Hello cousins. A few new subscribers to the website, and so I thought I’d write up another essay. The family tree continues to grow and with the reunion season upon us, it is great opportunity to again email me with updates at firstname.lastname@example.org. And as you pop open a brewski at your reunion, think of your German ancestors with their steins who have done the same for generations. Das gut? Das gut!
A long time ago in the Black Forest of Germany, there lived a young “bierbrauer” (beer brewer) named Michael Fehrenbacher (1808-1856). He graduated to become a “kufermeister” which I think means he was a master of keggers. Certainly a good guy to have around. But he left all that and came to America, settling near Loretto, Pa., in about 1848. We don’t know why. In 1856, he dropped dead at the age of 48. We don’t know why. That’s his tombstone in Loretto, but he might not be buried there anymore. He became the grandfather of the steel magnate Charlie Schwab. When the Schwab Mausoleum was established many years later, it included a marble drawer with Michael’s name on it. So, maybe they dug him up for his new home and left the old tombstone standing. But he’s definitely in the Loretto cemetery somewhere.
There is no evidence that Michael revived his German occupation, or that his Farabaugh descendants had a brewery at Loretto. In fact, I grew up in Loretto and it never had any brewery as far as I know. But if you go over to nearby Carrolltown, you will find a significant history of 19th and early 20th century breweries. In his definitive history of the town, more or less disguised as a history of the Benedictine Order, our cousin Fr. Modestus Wirtner recorded that Carrolltown in its heyday had 3 breweries and 11 taverns. That’s a lot of beer for a town of about 1,000.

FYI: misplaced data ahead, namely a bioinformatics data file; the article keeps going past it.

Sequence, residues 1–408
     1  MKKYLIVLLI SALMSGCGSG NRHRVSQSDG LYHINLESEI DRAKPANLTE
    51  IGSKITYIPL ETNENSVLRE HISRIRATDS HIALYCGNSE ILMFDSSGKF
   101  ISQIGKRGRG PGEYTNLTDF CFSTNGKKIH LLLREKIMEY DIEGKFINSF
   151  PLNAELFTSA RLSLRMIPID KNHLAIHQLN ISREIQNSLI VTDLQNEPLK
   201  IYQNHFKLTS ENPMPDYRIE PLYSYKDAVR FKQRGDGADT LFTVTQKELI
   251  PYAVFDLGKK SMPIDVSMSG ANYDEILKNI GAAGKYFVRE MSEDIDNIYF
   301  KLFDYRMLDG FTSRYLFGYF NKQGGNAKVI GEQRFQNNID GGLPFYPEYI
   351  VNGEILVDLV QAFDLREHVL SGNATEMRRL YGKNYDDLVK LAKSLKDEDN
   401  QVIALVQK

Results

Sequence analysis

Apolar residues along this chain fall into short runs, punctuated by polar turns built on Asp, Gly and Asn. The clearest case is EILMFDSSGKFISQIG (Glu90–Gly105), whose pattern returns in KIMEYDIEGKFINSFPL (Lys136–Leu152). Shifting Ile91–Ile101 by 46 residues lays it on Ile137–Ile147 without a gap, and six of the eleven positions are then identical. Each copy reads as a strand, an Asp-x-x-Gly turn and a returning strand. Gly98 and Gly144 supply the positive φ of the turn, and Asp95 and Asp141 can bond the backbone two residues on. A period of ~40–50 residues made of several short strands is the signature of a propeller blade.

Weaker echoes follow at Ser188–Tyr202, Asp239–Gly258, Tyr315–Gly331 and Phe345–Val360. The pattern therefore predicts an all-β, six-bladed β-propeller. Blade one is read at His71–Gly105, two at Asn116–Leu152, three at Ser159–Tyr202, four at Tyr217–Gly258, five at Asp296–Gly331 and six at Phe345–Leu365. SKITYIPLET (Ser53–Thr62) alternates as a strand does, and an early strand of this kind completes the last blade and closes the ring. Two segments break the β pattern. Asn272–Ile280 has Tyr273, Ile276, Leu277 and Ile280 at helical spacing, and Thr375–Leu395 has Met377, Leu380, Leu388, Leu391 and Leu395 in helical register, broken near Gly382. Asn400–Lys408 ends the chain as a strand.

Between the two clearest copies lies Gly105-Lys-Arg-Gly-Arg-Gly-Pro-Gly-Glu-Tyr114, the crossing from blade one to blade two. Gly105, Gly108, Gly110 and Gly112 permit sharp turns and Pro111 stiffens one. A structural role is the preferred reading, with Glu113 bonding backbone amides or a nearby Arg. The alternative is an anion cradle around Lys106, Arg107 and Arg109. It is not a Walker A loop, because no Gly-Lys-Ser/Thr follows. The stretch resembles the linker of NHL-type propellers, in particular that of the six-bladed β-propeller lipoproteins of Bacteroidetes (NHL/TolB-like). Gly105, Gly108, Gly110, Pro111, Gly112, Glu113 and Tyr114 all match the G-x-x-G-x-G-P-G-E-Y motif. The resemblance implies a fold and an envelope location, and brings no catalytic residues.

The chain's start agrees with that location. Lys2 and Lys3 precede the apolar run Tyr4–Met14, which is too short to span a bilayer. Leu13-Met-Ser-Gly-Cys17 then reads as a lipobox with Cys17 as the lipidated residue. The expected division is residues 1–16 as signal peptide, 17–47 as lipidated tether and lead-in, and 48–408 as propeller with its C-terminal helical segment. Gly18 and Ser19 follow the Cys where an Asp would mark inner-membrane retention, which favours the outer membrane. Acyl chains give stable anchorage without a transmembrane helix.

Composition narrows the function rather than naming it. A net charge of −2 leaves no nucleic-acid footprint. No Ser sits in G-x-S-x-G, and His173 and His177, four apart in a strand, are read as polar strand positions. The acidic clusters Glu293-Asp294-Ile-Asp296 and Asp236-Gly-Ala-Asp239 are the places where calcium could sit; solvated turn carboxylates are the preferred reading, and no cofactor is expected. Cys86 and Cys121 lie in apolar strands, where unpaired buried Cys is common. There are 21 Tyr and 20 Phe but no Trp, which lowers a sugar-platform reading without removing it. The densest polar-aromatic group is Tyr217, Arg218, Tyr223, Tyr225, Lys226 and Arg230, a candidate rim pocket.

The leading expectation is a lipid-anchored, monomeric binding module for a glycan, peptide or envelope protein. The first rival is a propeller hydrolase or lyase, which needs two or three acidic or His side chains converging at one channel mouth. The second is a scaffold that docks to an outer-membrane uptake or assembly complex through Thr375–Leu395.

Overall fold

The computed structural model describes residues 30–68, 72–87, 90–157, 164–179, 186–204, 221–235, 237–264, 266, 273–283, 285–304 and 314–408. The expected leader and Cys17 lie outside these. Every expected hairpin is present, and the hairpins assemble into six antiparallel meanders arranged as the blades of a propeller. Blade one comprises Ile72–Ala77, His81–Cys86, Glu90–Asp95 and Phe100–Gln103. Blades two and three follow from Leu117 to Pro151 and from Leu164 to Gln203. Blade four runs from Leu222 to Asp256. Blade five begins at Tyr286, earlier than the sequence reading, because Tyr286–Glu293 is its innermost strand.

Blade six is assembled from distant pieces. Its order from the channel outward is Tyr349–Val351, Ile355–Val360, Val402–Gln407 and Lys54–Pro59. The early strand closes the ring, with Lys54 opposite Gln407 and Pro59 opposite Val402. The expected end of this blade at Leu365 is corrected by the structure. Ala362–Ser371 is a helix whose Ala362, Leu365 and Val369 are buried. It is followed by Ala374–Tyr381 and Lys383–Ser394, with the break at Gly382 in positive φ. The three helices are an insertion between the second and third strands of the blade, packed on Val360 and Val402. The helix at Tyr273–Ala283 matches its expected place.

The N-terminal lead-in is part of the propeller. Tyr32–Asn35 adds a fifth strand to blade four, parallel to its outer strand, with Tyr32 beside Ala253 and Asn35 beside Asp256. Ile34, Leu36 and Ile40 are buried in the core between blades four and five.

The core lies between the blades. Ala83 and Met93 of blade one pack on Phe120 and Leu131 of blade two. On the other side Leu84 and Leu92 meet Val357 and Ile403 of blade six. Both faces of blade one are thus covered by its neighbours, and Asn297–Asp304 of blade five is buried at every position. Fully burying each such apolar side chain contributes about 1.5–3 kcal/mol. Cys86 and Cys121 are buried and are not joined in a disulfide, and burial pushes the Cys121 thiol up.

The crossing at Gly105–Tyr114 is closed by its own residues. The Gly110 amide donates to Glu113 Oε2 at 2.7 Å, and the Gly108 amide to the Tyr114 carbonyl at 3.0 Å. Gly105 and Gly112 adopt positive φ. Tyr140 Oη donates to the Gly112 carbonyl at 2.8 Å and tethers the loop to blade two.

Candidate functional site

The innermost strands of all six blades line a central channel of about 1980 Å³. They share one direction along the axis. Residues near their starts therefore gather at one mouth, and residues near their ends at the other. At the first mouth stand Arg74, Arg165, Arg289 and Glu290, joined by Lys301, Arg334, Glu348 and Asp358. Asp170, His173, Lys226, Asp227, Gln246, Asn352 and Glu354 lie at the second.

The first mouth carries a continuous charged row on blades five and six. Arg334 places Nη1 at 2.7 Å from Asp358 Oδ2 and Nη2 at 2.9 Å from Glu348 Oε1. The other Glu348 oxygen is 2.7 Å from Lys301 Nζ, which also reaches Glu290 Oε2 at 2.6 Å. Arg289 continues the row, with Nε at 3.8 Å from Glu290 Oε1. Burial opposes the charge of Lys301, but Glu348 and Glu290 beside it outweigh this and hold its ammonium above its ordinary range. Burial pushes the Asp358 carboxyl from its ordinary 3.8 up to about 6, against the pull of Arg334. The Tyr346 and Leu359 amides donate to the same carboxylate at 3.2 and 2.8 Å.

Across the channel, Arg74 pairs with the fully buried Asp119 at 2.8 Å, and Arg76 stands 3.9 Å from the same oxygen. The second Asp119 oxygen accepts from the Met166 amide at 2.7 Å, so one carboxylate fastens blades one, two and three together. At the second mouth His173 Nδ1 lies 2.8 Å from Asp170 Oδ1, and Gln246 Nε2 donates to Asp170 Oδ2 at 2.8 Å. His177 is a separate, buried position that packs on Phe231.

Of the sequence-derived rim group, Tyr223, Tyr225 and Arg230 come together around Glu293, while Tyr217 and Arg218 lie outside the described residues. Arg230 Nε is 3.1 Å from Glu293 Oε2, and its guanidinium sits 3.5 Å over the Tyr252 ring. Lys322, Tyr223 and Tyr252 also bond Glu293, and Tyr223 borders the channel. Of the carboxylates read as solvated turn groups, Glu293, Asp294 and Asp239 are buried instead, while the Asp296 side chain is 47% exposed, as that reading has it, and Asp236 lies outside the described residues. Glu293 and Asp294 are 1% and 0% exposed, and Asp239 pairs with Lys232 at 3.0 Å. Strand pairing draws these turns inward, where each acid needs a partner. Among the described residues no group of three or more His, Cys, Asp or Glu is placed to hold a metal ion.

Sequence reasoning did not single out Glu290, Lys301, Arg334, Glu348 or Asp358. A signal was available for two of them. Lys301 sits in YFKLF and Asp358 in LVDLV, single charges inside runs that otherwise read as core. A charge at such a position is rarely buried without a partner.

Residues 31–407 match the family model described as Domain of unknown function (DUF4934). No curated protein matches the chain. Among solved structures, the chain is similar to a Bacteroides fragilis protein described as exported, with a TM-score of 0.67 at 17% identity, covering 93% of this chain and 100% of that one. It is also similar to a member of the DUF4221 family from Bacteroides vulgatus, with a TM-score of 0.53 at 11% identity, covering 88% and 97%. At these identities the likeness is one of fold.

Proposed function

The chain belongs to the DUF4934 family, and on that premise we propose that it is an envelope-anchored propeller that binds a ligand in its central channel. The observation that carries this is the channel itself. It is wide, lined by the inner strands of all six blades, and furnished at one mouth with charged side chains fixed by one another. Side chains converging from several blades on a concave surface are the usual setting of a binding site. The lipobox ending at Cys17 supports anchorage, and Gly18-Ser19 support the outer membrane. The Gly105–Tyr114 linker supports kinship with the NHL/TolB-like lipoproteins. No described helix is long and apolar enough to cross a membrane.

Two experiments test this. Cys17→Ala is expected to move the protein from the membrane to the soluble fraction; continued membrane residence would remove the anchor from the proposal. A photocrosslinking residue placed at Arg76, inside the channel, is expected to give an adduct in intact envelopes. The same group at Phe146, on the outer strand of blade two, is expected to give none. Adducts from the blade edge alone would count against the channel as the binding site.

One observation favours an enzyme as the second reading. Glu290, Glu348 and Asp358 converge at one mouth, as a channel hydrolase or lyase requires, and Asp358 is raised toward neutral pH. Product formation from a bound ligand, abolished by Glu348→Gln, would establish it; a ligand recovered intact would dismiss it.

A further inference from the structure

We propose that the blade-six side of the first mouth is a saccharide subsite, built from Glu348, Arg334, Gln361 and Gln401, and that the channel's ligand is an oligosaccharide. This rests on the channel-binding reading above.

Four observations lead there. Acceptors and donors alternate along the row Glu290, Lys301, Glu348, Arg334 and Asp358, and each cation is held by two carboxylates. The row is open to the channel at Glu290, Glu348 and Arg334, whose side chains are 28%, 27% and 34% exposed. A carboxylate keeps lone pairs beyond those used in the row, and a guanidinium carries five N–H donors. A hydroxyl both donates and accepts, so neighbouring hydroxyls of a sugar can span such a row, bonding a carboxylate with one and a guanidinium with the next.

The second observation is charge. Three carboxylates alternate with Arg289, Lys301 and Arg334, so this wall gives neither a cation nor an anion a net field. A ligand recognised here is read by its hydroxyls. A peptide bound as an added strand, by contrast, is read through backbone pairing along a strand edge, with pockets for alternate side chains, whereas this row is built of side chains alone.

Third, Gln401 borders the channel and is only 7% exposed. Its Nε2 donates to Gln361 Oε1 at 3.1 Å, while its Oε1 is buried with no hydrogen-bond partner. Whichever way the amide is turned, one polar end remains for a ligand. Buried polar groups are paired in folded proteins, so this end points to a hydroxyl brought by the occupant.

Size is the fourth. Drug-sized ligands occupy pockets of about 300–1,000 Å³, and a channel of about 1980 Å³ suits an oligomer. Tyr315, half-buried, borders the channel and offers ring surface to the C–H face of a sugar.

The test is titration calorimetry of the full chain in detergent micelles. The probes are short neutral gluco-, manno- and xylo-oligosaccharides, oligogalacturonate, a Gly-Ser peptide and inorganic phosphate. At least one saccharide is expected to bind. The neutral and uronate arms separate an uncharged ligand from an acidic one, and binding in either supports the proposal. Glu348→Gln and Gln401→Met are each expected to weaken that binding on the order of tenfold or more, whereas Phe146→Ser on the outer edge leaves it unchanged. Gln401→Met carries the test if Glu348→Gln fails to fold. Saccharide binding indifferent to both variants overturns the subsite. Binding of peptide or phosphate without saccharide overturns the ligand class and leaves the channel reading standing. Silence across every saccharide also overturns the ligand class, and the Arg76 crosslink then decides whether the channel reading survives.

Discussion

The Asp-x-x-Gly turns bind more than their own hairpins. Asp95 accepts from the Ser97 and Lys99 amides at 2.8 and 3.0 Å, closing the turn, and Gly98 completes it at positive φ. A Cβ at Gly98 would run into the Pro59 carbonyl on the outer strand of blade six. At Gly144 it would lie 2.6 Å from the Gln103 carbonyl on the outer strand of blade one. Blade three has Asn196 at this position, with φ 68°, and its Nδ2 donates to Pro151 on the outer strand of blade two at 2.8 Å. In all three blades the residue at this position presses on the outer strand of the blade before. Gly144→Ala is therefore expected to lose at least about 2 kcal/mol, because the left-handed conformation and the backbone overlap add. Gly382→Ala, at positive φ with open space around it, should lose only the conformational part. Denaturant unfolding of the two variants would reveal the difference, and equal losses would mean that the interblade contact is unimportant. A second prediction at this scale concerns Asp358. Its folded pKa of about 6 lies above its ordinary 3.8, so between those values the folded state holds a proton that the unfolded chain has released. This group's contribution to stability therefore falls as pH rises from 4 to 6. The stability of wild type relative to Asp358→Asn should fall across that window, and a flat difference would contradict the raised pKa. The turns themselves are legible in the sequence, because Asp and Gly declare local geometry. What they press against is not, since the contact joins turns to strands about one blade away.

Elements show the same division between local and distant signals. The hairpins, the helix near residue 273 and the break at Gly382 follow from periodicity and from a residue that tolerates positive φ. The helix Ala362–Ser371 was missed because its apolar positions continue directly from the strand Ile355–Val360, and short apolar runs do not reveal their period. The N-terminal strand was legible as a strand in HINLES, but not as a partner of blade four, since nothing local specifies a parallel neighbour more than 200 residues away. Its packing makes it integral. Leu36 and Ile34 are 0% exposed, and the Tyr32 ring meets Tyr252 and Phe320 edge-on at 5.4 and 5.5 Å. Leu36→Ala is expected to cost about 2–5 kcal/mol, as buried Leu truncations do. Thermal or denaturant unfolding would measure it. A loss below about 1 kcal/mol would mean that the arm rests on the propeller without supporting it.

Throughout the 1890s, one of the Carrolltown breweries was owned and operated by Celestine Farabaugh. I just received this photo of him and his product, flanked on the left by his brother Henry, and on the right by his brother Isadore. Celestine added an ice house but had some financial difficulty. After some creditors got a sheriff involved the brewery was bought out by Celestine’s brother-in-law Henry Swope, “in whose hands it was destroyed by fire,” according to Fr. Modestus. The Bearer Hotel was erected on the site. Celestine continued the trade near Pittsburgh, but unfortunately died of tuberculosis in 1910. He left behind a widow with 9 children. Isadore became a brewmaster and chemist for the Allegheny Brewing Company.
John Sylvester Farabaugh worked at a brewery in Spangler, Pa., until it was torn down during the Prohibition. Undaunted, he relocated to Detroit and in 1937 became a brewmaster for Strohs.
One of my favorite early pioneer names for this area of Cambria County, and perfect for the 4th of July, is George Washington Beers. He was husband to Anna Gibbons (1861-1928) of Chest Springs. Alas, Mr. Beers did not ply the alcohol trade. He and Anna instead decided to seek a different fortune, by moving to California.